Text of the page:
Work-based Learning: it’s never too late to expand on your learning

Upon leaving Ramsey Abbey, Debbie Rivers enrolled with Cambridge Regional College’s Huntingdon Campus to study Level 2 Care and entered a career in the care industry up graduation. Some years later, while working as a Care Assistant in a local care home, Debbie was given the opportunity for work-based learning through the Level 3 Award in Health and Social Care, and subsequently, she set about returning to learning for the first time since leaving College at the age of 17.

After some early disruptions to her learning, Debbie’s employers transferred her studies to Cambridge Regional College and it soon became clear that it would be the start of a very successful learning journey.

Debbie describes returning to learning as a daunting prospect as she had little faith in her English and maths skills, with her fears being so strong that she doubted her ability to produce the required written work to complete the course. After raising her concerns with her Tutor, Debbie discovered that she had access to all the help she needed to succeed, “I was honestly surprised how supportive my tutor was and could not believe the encouragement I was given. My tutor was fabulous, we worked through everything together and as a result, I achieved better English and maths results than expected, passing my exams first time.”

In addition, Debbie also learned to use a computer and with her renewed self-belief she purchased her first home computer after catching the learning bug. Debbie enjoyed her Level 3 studies so much that she did not hesitate in enrolling onto the September 2019 intake of the Level 4 Award in Adult Care, however, she once again, found that her studies were to be interrupted, this time by a global pandemic that saw the College go into lockdown along with the rest of the country.

Debbie Rivers with certificate

Debbie explains how she has continued with her learning in spite of these hurdles, “I am really enjoying my work-based learning, although I am missing that face-to-face contact with my tutor. We are in regular contact via video calls though and I am continually being encouraged to improve myself through smart targets. My journey with CRC started unexpectedly, but I have had such a positive experience, progressing in my learning that I decided to continue to the next level. I would not have done it anywhere else. My tutor went above and beyond to ensure I got the best out of my work-based learning and out of myself too.”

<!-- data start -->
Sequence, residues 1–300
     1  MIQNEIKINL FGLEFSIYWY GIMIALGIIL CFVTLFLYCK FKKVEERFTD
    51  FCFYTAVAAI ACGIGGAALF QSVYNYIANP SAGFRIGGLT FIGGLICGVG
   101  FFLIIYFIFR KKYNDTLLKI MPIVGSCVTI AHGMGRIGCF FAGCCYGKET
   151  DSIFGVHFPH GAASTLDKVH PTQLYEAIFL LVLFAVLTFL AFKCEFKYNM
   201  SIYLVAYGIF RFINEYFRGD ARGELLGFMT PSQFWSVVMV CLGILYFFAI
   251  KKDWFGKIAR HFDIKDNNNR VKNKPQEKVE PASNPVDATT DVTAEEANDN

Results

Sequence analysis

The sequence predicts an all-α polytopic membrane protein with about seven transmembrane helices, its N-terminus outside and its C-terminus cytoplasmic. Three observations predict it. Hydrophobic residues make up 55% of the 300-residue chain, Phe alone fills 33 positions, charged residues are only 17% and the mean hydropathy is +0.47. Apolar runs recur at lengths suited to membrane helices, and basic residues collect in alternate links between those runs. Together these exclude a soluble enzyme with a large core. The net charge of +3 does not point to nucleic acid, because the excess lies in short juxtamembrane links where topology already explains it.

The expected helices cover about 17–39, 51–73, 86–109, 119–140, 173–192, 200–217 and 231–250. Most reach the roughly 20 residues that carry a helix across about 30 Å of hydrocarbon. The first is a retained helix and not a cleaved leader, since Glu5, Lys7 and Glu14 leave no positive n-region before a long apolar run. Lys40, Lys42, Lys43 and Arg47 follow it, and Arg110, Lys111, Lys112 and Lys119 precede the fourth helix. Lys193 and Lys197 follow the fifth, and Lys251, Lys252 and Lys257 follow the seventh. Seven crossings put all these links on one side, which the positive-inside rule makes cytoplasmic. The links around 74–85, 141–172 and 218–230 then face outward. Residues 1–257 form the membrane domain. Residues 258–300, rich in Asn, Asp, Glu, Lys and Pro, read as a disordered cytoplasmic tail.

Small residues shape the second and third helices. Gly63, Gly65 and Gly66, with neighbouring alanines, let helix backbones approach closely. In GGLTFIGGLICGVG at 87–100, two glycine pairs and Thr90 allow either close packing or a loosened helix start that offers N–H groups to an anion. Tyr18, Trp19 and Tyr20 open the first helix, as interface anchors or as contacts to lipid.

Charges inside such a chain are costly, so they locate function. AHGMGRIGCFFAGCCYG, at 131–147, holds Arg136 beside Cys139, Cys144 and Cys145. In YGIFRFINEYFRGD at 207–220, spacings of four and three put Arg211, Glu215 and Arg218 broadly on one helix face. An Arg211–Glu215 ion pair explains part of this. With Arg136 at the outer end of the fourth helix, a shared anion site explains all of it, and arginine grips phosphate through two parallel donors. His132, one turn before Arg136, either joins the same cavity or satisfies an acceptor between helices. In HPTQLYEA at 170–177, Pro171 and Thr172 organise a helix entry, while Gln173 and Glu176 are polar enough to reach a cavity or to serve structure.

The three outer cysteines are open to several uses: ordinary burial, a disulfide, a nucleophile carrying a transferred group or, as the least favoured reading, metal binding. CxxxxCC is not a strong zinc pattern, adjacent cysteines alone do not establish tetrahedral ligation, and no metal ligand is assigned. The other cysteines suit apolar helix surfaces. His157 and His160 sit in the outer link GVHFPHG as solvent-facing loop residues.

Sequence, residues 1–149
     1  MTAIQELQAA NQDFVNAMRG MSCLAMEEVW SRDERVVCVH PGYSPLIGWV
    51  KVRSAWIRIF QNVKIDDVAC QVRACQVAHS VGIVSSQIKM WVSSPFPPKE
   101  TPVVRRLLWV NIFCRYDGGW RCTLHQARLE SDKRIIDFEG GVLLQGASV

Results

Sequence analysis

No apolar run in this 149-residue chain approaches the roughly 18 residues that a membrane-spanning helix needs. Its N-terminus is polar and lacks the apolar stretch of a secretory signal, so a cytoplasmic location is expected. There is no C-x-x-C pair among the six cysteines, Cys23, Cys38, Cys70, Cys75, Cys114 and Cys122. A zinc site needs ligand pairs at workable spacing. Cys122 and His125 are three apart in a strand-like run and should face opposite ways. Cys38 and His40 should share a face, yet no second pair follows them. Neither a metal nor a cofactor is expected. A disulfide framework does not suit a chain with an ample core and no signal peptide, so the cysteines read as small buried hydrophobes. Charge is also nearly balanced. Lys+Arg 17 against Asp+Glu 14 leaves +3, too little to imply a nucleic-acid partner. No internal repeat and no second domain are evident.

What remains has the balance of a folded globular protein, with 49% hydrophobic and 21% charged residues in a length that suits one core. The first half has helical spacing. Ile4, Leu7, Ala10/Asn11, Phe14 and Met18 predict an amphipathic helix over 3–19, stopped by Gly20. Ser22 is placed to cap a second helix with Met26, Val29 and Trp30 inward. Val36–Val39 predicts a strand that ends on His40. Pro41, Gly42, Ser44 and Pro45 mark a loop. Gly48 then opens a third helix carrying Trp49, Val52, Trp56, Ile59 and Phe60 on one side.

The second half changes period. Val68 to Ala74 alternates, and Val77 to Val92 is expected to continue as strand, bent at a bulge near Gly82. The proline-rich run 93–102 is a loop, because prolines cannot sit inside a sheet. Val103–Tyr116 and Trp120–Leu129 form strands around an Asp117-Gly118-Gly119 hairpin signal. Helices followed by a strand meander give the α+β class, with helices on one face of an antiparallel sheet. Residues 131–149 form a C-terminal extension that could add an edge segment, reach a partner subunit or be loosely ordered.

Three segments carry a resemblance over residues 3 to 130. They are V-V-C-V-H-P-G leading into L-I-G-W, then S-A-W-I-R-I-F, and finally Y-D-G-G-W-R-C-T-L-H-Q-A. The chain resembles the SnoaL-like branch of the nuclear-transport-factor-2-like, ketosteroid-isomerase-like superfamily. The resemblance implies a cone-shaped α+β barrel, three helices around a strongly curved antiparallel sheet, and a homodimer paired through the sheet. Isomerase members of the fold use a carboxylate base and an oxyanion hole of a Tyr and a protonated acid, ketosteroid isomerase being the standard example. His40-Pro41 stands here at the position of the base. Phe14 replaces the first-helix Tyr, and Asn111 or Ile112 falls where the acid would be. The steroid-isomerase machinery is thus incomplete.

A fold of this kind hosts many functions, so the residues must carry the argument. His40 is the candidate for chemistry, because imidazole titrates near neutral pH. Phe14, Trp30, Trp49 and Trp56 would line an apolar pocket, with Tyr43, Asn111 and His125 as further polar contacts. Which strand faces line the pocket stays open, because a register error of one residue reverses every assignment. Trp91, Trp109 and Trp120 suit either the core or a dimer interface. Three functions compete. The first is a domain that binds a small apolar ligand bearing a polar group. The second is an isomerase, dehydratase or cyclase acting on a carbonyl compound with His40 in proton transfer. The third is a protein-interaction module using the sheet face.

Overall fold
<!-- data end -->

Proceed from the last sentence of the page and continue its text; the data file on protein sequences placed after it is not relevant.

Debbie has also experienced success in her career with Rose Cottage, progressing to a senior position, and earlier this year, discovering that she had been nominated for the Greensleeves Excellence in Dementia Care 2020 Award. In July, in a live virtual ceremony with other Greensleeves nominees, Debbie discovered that she had won the award, “I could not believe it when the trustees picked me as their winner. I was not expecting it, I nearly fell over when I won. I’ve got to attend the official award ceremony next year to collect my award.”

Nominating Debbie, line managers Jennifer Dade and Amanda Crawley said, “Debbie lives and breathes the values of personhood every day demonstrating the skills and abilities needed to be present with the residents who live with Dementia. Debbie is always positive, responsive, gentle, and adaptive. She is a strong leader and is sought out by the residents, families, and colleagues alike. Debbie always encourages the team to reflect on their practice and thinks of ways to promote the wellbeing and quality of life of the residents even it means through unconventional or revolutionary ways.”

Debbie concludes, “If you are thinking of a return to learning, just go for it. A gentleman of 100 years once said to me, ‘every day is an opportunity to learn something new.’ It really is true; you are never too old and it’s never too late to expand your knowledge.”

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